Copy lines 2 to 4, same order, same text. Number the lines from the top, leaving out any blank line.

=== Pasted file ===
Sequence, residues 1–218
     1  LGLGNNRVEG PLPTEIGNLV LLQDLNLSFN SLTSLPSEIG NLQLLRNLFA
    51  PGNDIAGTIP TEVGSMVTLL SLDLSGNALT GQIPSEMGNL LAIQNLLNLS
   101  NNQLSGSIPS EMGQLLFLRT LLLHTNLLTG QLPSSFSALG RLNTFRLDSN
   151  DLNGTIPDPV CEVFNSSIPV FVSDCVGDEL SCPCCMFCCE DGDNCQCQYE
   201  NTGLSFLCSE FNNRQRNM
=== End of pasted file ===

     1  LGLGNNRVEG PLPTEIGNLV LLQDLNLSFN SLTSLPSEIG NLQLLRNLFA
    51  PGNDIAGTIP TEVGSMVTLL SLDLSGNALT GQIPSEMGNL LAIQNLLNLS
   101  NNQLSGSIPS EMGQLLFLRT LLLHTNLLTG QLPSSFSALG RLNTFRLDSN